Tom Carpus, the head golf professional at the Kennett Square Golf and Country Club for the past 10 years, will officiate at the Ryder Cup being contested Sept. 19 through 21 at the Valhalla Golf Club in Louisville, Ky.The Ryder Cup is a three-day, biennial series of matches between the best European and United States professional golfers. Since the Cup's origin in 1927, the U.S. has dominated the competition. However, Europe has won eight of the 11 competitions since 1985, with the last three consecutive U.S. losses being particularly painful.
Because the Cup is so hotly contested, officiating at it-interpreting what some believe to be the nearly indecipherable rules of golf and making rulings based on them - is a critical task and one that only a highly seasoned official would dare engage in. But Carpus is just such an official.
His officiating record at major golf tournaments administered by the Professional Golfers Association stretches back 13 years and includes such championships as PGA (13 times), the Masters, the Players and many others. In addition, for more than a decade, Carpus has been a much-sought-after instructor of the Rules of Golf at seminars and workshops across the country.
Carpus' contributions to the professional education of members of the PGA and others have been so significant that in 2007 the PGA of America bestowed upon him one of its highest honors: the Horton Smith Award for outstanding and continuing contributions to professional education.
On his way to that national distinction, Carpus received local recognition as well, being inducted into the Drexel University Athletic Hall of Fame and being named PGA Golf Professional of the Year in 2002 by the Philadelphia Section of the PGA. He also serves on the Rules Committee of the PGA of America.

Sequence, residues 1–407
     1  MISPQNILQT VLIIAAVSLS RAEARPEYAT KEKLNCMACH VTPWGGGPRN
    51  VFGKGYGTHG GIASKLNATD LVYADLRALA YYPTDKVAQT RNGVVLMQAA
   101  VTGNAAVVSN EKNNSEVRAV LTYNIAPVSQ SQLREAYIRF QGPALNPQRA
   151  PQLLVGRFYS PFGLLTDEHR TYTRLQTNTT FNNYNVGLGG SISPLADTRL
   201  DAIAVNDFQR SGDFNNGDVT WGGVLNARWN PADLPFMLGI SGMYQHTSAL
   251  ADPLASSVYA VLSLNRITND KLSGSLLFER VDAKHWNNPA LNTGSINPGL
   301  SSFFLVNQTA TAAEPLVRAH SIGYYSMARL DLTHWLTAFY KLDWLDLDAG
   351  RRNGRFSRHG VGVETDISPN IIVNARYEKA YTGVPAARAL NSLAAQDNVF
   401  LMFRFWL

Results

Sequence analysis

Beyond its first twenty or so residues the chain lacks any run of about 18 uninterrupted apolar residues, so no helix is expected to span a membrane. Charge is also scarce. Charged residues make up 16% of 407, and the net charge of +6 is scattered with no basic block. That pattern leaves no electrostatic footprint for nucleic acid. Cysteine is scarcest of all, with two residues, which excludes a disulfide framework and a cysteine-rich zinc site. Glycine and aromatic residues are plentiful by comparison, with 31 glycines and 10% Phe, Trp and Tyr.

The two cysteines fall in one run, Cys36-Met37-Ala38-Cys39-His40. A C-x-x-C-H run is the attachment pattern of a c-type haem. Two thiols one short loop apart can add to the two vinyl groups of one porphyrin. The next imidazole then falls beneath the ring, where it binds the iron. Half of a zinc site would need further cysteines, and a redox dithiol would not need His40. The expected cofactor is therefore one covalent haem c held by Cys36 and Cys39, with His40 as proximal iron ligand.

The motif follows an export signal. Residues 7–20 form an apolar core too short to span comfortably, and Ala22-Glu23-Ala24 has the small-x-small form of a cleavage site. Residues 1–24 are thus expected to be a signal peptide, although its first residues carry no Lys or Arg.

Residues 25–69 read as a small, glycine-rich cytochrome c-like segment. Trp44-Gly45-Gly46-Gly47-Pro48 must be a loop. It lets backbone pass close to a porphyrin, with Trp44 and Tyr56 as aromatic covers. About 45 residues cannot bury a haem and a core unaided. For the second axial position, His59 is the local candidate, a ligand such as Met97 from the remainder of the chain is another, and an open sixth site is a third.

When asked whether officiating at a major tournament before thousands of spectators and possibly being seen on national TV embroiled in a controversial ruling was nerve-wracking, Carpus said, "Most of the time nothing happens. In fact, it's really hours of boredom followed by two minutes of sheer terror."
Of course, the terror stems from the risk all officials take that they might provide an incorrect ruling. Carpus said this had happened to him as recently as 2006 at the PGA championship at the Medinah Country Club in Illinois. He said, "I gave a player a ruling on a line-of-sight issue. He didn't like it and asked for a second opinion. He eventually was granted the second and more favorable [for him] opinion."
Carpus believed his interpretation was valid, and with characteristic aplomb he also said, "There are two kinds of officials: those who have already made mistakes and those who will make them in the future."
Even though Carpus himself plays competitive golf locally and has officiated at dozens of PGA-administered events, he says the most enjoyable part of officiating is simply being inside the ropes at a tournament and watching up close and personal the best golfers in the world play the sport to which he has dedicated his life.
Is there a least enjoyable part of officiating? Carpus said no, it's all good. He did allow, however, that staying mentally sharp when little is happening can sometimes be challenging.
But Carpus is accustomed to being challenged on his knowledge of the rules of golf. Because he is known by his friends and club members to have made a fetish of the rules (in a good way), he is continually bombarded with questions about specific situations. Not only does he provide accurate and comprehensive answers, he can also cite the rule number, paragraph, and sub-paragraph of the applicable rule or decision.
Although Carpus has been involved in the politics of golf - he was president of the Philadelphia Section of the PGA in 2004-2005 - as well as the rules of golf, he believes he can contribute more to golf in the future through continued rules committee work at the national level.
Keep an eye out for Tom during play at the Ryder Cup. He'll be the one standing his ground with a smile on his face and a rulebook in his hand.